Not all witnesses agreed with this evaluation of the Swedish law.245 Critics voiced concerns that the Swedish approach is a paternalistic one that ignores issues of consent and choice. They argued that it is wrong to treat all persons selling sexual services as victims, and that it is futile to attempt to eradicate all prostitution rather than focussing on exploitation. These witnesses argued that under the Swedish law prostitution has not decreased, but has been pushed underground, putting prostitutes in more dangerous situations where they are increasingly vulnerable to pimps and violent clients. As evidence, they cite discussions with prostitutes in Sweden, and point to reports such as the Working Group on the Legal Regulation of the Purchase of Sexual Services’ report, which states that despite an immediate reduction in street prostitution after the law was implemented, the numbers have since stabilized, street prostitution having increased in Malmö and decreased in Gothenburg and Stockholm.246 The National Board of Health and Welfare also noted that although the number of persons selling sexual services seemed to have diminished in major urban centres after the law was introduced, numbers had not diminished on a national scale — the theory being prostitutes had left major urban centres and gone towards side streets in the suburbs. They argue that this means that persons selling sexual services have become more geographically and socially marginalized, and it is harder for services to get in touch with them. These reports also emphasized increasing use of cell phones and the Internet, suggesting that prostitution did not disappear, it has just adapted.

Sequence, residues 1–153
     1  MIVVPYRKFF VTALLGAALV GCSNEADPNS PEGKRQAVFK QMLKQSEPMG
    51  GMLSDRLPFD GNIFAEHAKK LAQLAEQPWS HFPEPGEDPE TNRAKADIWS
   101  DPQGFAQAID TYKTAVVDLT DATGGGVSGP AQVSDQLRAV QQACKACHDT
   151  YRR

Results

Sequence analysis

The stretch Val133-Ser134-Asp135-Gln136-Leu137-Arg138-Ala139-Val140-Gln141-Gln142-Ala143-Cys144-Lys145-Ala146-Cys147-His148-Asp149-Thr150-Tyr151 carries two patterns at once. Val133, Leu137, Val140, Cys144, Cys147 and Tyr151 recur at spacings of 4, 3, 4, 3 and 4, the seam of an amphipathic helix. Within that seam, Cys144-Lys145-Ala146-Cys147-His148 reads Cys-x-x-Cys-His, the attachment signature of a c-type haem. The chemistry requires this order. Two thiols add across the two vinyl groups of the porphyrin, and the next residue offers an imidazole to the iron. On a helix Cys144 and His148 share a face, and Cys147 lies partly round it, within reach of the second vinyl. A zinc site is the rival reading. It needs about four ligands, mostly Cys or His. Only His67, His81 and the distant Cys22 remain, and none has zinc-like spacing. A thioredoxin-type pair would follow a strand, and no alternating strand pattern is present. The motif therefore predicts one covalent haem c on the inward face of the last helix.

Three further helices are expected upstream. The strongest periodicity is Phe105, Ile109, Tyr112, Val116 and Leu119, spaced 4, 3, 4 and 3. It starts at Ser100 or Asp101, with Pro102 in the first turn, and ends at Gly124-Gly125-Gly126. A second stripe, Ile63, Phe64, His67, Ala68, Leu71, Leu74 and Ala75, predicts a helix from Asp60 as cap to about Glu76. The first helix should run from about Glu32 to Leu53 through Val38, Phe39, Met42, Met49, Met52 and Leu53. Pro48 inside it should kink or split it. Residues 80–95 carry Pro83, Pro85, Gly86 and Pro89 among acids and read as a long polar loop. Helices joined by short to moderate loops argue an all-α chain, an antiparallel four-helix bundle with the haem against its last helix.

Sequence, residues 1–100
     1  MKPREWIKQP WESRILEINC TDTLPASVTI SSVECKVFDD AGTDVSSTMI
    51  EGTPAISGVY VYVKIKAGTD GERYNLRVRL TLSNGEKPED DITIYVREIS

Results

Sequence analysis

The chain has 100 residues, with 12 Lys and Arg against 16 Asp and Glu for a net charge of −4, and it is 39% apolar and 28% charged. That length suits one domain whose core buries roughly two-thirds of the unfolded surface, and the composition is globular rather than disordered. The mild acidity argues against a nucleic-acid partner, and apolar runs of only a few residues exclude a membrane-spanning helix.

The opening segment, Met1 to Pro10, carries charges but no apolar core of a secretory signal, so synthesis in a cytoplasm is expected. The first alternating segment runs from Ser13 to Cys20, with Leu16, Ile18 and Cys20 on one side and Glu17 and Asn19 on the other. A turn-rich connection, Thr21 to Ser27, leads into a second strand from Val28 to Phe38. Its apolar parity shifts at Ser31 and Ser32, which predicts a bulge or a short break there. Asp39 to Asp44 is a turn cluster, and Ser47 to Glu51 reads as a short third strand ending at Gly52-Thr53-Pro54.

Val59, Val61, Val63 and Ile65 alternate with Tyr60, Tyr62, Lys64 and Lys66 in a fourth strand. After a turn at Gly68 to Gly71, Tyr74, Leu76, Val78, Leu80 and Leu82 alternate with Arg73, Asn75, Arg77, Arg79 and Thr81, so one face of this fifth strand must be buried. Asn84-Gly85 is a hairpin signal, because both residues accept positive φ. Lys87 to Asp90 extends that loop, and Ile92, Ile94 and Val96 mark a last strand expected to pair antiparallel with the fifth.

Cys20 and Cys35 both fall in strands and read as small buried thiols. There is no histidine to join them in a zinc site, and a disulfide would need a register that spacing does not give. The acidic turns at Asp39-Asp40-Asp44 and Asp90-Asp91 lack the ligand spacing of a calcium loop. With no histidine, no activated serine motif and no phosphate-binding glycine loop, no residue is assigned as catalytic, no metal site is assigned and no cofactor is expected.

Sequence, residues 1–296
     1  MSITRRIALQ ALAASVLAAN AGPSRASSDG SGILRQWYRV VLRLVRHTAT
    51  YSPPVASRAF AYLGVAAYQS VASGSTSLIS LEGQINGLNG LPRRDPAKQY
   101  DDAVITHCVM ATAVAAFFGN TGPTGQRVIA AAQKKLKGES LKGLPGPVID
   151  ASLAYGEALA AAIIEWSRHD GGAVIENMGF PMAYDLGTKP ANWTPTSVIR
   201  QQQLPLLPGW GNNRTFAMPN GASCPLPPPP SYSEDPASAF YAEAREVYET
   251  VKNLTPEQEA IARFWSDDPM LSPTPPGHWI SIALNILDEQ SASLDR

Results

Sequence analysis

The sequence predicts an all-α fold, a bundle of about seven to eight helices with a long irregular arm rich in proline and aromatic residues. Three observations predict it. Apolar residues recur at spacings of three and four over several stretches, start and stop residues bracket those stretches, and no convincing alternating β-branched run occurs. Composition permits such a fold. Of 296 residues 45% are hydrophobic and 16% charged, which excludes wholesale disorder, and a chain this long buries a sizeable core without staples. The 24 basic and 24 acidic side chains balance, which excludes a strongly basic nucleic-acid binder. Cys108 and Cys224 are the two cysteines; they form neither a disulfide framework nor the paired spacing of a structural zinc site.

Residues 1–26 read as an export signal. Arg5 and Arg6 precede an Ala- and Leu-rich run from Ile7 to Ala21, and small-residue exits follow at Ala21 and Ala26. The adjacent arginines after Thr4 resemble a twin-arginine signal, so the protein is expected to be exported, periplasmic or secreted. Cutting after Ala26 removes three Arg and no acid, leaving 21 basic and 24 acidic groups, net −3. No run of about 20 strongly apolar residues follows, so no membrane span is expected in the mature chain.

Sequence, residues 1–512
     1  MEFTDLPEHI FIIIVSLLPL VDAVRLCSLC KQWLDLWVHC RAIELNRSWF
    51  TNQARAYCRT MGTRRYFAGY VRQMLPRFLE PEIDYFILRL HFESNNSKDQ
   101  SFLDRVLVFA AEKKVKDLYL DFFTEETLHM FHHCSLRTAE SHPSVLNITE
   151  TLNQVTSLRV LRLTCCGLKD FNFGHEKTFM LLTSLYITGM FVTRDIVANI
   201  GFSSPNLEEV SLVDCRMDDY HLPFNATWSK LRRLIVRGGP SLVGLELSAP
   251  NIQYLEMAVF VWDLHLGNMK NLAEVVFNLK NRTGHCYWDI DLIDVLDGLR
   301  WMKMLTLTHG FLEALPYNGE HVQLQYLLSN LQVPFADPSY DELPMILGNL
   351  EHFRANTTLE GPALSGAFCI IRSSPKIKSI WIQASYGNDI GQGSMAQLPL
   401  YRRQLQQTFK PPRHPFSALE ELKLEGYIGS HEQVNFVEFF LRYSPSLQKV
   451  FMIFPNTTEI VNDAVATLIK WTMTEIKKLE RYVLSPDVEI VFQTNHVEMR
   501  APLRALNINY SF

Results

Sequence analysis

These witnesses247 argued that Swedish prostitutes feel endangered by the laws, and that because the industry has gone underground, the violence has increased. There are fewer safe places to work, there is limited time for screening clients, and only the more dangerous clients — who are not afraid of the law — remain. Because there is more competition and less money to be made, individuals selling sexual services are also more willing to take risks, for example, no longer insisting on the use of condoms. This fact is compounded by the fact that police look for condoms as evidence of prostitution, so prostitutes are less likely to carry them. Witnesses commented that individuals selling sexual services are also apprehensive about the legal protections afforded them under the new law and are thus less likely to report abusive clients to police. Because prostitutes must remain hidden, witnesses point out that informal networks between persons selling sexual services have weakened, increasing opportunities for abuse from dangerous clients or exploitative pimps. The Working Group on the Legal Regulation of the Purchase of Sexual Services points out that there is no documentary evidence from the hospitals or police indicating more violence directed towards prostitutes, but there is significant evidence indicating that the market has become tougher and more prone to violence.